How Creation Myths Define Culture
Creation myths are one of the most highly valued myths because the myth itself gives purpose to its culture’s existence through its interpretation of the specific creation of human beings.
By interpreting and analyzing creation myths, we provide ourselves with a window into the driving forces of that culture’s members, as well as a viewpoint on how individuals and society may have viewed their connection to their god(s). In these creation myths, the elements of how, when, and why men and women are created serve as the basis for revealing the specific relationship a culture holds with its god(s). They also provide insights into other relationships.
A good example of the differing relationships which can arise is vividly depicted in a comparison of Enuma Elish, Hesiod’s Theogony, and Ovid’s Metamorphoses.
The first element to examine in a culture’s creation myths is the how of creation. This element explores what substances humans are made from and whether those substances have any special physical connection to their god(s).
In Enuma Elish, the Babylonian creation myth, we see that humans are made from the blood of the god Qingu, who is sacrificed for such creation due to his part as a leader in Tiamat’s rebellion. This blood is combined with bones to become primeval man. This combination explains why humans are lesser beings than gods:
- First, they are created from the blood of a god who is being punished – a god who is viewed as lesser than all the rest. This automatically degrades humans from the gods who did not rebel.
- Second, the addition of bones separates humans from Qingu – making them lesser than Qingu since bones are an organic material and therefore subject to decay. Although gods can die in Babylonian myths, they also have a prolonged, if not virtually immortal, lifespan. By giving humans bones, the gods are ensuring that a human’s lifespan will not outlast the rate of decay of his or her bones.
- In combination, the blood and bones make humans into lesser, truly mortal beings.
In contrast to Babylonian culture, Hesiod’s Theogony (of the Greek culture) does not fully explain the creation of man – it is somewhat of a mystery. However, Theogony does explain the creation of women in a very specific manner:
“The renowned Ambidexter moulded from earth the likeness of a modest maiden, by Kronos’ son’s design. The pale-eyed goddess Athene dressed and adorned her in a gleaming white garment….”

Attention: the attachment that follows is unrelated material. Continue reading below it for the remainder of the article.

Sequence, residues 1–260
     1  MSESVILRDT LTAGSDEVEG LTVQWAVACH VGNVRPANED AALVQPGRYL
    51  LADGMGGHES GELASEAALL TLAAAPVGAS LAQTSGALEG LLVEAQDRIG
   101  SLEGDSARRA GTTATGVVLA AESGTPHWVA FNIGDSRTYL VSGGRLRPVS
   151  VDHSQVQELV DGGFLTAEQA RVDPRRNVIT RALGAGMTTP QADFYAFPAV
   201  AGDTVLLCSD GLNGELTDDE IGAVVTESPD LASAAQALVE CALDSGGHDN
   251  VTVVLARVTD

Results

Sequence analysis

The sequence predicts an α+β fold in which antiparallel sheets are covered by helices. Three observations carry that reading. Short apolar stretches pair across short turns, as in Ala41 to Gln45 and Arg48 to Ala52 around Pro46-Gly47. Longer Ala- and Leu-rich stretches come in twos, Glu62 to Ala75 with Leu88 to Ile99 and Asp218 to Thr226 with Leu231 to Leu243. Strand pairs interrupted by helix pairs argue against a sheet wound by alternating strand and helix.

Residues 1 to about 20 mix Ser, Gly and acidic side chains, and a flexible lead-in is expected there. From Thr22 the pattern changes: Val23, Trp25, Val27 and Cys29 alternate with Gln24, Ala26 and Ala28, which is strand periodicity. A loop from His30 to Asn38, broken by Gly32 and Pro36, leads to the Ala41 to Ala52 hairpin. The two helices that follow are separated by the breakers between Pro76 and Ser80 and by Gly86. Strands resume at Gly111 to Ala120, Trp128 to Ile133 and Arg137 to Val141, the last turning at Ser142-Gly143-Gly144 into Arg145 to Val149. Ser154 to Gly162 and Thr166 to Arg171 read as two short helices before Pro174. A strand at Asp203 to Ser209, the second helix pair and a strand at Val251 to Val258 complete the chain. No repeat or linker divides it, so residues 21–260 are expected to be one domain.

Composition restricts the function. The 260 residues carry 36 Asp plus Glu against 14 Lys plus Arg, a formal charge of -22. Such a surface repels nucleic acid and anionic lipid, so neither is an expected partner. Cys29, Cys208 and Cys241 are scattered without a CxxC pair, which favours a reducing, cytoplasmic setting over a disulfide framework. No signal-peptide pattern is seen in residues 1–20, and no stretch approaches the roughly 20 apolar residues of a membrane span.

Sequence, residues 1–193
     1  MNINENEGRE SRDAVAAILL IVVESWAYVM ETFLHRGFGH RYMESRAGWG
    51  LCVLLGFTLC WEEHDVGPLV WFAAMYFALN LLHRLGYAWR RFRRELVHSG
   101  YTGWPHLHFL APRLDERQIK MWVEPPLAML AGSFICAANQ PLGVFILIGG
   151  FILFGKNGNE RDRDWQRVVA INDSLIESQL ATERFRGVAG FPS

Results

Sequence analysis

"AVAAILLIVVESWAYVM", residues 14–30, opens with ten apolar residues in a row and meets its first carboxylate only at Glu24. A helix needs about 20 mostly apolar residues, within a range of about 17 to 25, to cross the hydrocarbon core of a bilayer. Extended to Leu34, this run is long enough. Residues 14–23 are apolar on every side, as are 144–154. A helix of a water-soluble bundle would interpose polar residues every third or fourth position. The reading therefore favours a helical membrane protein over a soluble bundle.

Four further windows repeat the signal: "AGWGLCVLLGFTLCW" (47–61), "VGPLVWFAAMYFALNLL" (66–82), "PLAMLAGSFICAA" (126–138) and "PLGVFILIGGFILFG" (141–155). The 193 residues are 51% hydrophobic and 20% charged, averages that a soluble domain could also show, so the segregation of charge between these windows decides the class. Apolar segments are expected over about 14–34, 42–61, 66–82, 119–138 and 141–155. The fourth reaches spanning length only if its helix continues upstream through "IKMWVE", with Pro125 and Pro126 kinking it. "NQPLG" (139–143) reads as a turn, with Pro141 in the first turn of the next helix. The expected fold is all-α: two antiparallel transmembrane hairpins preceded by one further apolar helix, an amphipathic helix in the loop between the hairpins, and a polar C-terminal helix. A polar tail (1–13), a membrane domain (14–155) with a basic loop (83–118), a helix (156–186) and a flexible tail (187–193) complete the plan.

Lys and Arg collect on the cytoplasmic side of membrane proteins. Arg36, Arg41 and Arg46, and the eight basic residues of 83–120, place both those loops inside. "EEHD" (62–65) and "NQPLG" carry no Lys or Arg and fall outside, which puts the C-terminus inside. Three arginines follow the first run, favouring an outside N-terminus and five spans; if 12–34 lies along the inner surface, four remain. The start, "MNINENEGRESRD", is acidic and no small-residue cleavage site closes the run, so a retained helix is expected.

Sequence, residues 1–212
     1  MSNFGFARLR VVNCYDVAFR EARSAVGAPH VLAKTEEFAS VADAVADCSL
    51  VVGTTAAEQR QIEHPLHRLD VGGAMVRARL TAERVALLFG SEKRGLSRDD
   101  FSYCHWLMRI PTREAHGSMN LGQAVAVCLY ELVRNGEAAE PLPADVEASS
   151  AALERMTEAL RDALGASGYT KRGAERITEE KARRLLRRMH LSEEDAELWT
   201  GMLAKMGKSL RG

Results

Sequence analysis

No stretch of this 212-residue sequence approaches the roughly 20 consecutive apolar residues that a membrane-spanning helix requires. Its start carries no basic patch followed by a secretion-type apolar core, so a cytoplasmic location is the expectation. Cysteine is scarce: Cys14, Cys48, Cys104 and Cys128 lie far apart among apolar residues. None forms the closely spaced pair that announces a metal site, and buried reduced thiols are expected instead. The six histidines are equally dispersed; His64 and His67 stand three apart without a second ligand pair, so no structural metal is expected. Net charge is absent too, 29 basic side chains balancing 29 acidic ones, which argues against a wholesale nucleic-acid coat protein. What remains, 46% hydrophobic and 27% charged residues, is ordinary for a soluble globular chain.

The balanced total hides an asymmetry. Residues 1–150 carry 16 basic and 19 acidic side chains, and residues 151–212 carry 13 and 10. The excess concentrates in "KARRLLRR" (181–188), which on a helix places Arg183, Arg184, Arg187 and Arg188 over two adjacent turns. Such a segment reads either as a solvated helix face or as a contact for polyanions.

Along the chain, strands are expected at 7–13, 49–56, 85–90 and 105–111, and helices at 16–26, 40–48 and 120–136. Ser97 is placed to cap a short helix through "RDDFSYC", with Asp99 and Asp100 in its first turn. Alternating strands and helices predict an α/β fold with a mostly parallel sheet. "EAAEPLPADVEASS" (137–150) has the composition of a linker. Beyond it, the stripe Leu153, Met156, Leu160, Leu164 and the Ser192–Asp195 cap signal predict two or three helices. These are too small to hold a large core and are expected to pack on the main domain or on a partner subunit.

The creation of the first woman, Pandora, is Zeus’s response to Prometheus disobeying him and giving fire to mankind. This implies that
- men existed before women, which provides the basis for a misogynistic argument that women are lesser beings than men;
- the creation of women is a punishment to mankind, clarified by Theogony stating that women are “an affliction for mankind to set against the fire”, which provides further evidence for the misogynistic argument; and
- that men were created sometime between the gods and women, since Theogony also details the creation of the gods from the original four primal gods.
Thus, we can conclude that the Greek civilization depicted men as either descended from or created by the gods (we cannot be certain) and that women were created after men, thus making men lesser beings than gods and women lesser beings than men. We can also conclude that Greek mythology is flexible in its view on the creation of mankind since it does not expressly state the details of man’s creation; Hesiod has left the actual how and when of creation up to the reader – a reflection of Greek culture’s embrace of many different and often contrasting philosophies and the philosophical debate as a whole.
In contrast to both Enuma Elish and Theogony, we find Ovid’s Metamorphoses – the Roman interpretation of creation. What makes Metamorphoses stand out is its illusion to the creation of man without explicitly stating any specific how of creation: “[W]hether the god who made all else, designing a more perfect world, made man of his own divine substance, or whether the new earth, but lately drawn away from heavenly ether, retained still some elements of its kindred sky….”
This passage alludes to the fact that man was created, but whether man was created by a god or from the earth and sky is left a mystery. Thus, Ovid is neither denying nor confirming whether he believes mankind is explicitly connected to god; he merely suggests that it is possible for man to be connected to god if god had created man “of his own divine substance”.
The one specific we can devise from Ovid’s description of how man was created is that man is a being who is held above all other animals: “And, though all other animals are prone, and fix their gaze upon the earth, he gave to man an uplifted face and bade him stand erect and turn his eyes to heaven.”
Thus, the differences in how man is created can mean the difference in a culture’s embracement of equality in terms of sexuality, relations to other animals on earth, and in their relations with god(s).
The second element to examine in a culture’s creation myths is the when. This element is most specifically useful for determining what standing mankind holds in relation with the gods and other earthly creatures, which in turn lends further support for the arguments produced by the how element.
In Enuma Elish, humans are created after the gods, the earth and sky, and Babylon itself. The most noteworthy item is that humans are created after the city of Babylon – thus making Babylon a more holy city since it is obviously a forethought to humans, as the “home of the great gods” and the “centre of religion.” This established the preeminence of Babylon as a city in Babylonian culture (and, of course, gave Babylonian culture its name) and thus made it a city worth preserving and protecting at all costs; the effects of this are felt even today in scholarly and religious references to the city of Babylon.
In contrast, in Theogony, there is no exact placement for man’s creation even though woman’s creation is explicitly detailed. This suggests that although Greek culture believed that a woman was beneath a man as far as social standing went, they were unsure as to man’s level of equality with god. This provided the doorway for various philosophical debates on the importance of religion and the existence of god, as well as the standing of human beings in relation to god.